- Document operations and company processes: Document day-to-day operations, key employees and their responsibilities, a list of assets and facilities, employee handbooks, and training guides to ensure a seamless transition to new ownership.
- Identify a successor: Successors may include a family member, business partner, existing employee, or third-party individual. At Teamshares, we hire a generalist leader to deliver the most value to well-established small businesses and bring an outsiders perspective.
- Notify employees of the succession plan: As one of America’s largest buyers of small businesses, we recommend that owners wait until the sale is officially closed to announce it to employees. Notify key employees about the decision prior to the larger group announcement to ensure they feel appreciation for their hard work and are supportive of your succession strategy.
Are you a broker or business owner that needs an exit plan to keep your company and employees in place?
At Teamshares, we take on the crucial task of finding a successor so you can focus on other key components of succession planning.
What to expect when transitioning a business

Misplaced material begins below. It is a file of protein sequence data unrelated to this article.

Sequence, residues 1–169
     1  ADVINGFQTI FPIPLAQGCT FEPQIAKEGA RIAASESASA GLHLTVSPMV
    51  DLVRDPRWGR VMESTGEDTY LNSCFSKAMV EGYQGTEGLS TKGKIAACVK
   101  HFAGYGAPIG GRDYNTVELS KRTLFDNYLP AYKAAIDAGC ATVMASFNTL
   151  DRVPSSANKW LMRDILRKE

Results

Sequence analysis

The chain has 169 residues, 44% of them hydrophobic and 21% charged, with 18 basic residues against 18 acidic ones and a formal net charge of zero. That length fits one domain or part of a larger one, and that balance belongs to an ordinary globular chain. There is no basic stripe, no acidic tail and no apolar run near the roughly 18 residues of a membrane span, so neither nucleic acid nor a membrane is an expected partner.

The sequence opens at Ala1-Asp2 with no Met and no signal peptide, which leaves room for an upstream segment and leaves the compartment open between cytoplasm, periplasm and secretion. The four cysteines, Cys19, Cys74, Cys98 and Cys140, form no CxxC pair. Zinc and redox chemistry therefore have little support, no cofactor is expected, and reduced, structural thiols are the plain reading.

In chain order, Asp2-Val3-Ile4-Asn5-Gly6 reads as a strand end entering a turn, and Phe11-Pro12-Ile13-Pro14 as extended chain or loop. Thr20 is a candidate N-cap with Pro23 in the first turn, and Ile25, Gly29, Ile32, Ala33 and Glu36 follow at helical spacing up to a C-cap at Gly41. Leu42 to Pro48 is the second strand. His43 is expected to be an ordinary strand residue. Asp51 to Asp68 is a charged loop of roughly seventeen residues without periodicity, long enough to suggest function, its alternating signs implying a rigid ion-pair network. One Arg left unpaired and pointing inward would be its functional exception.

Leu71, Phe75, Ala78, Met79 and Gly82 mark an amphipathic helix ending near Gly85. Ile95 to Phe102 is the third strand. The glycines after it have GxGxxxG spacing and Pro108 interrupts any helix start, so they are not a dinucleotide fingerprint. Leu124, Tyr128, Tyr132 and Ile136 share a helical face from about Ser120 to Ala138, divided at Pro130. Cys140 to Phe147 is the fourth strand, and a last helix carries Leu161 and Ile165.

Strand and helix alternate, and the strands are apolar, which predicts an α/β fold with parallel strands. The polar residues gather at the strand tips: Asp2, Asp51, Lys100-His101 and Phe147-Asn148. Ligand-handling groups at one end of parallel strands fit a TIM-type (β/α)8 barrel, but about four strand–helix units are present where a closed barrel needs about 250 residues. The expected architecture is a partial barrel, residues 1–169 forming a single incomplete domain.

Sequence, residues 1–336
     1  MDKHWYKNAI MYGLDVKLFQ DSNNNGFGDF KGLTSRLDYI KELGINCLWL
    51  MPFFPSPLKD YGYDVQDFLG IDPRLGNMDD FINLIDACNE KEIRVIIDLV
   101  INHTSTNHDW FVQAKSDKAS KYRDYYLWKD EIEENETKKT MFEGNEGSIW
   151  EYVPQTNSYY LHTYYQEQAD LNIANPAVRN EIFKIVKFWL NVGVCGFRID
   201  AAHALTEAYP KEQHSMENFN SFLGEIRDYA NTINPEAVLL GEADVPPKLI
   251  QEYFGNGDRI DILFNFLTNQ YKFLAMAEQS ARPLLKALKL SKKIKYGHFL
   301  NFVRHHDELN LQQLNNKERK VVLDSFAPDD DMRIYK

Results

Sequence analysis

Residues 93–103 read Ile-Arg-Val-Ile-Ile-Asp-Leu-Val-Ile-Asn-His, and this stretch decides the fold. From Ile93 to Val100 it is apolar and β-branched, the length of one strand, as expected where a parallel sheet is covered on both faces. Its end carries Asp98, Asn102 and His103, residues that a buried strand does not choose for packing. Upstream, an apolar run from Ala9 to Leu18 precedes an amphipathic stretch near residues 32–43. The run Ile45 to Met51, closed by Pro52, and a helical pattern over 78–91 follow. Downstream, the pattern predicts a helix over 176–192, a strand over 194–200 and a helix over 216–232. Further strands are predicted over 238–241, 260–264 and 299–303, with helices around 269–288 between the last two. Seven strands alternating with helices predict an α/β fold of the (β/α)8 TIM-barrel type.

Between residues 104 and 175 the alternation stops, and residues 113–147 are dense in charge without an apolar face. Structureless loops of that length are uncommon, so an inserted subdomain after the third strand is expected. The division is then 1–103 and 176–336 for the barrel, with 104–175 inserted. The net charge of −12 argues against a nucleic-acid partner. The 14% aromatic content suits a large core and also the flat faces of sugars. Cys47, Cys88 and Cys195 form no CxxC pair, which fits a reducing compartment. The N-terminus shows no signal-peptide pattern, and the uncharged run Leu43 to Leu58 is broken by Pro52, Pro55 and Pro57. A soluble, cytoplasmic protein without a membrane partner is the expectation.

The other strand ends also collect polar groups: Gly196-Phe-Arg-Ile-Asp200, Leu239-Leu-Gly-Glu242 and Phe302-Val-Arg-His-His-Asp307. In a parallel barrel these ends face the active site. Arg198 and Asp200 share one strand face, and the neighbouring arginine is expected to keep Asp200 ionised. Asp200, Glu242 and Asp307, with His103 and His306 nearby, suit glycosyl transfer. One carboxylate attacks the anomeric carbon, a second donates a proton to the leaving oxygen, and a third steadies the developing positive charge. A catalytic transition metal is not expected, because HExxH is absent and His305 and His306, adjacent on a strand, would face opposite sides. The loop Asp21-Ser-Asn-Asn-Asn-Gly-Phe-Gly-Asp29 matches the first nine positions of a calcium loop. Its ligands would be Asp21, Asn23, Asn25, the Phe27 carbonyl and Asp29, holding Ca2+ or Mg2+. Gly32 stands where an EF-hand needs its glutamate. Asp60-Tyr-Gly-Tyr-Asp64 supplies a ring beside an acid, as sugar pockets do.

Selling a business is complex both operationally and emotionally. Though every small business sale is unique, there are some general best practices when selling a business, including:
- Conducting research: Before making any decisions, research different exit strategies and decide what will best fit your business and next chapter of life.
- Considering employee ownership: Teamshares offers a unique solution for small business owners looking to transition their business to the most local buyer—its employees.
- Connecting with other former business owners: Speak to other former business owners who have gone through a similar transition process for valuable insights about midlife changes and what to expect.
- Asking questions: When working with professionals such as a broker, bookkeeper, attorney, or CPA during the transition, ask as many questions as possible to address all your concerns.
- Emotionally preparing: Selling a business, especially one that has been in your family for many years, can be very emotional. Be prepared for a range of feelings and reactions from family members and employees.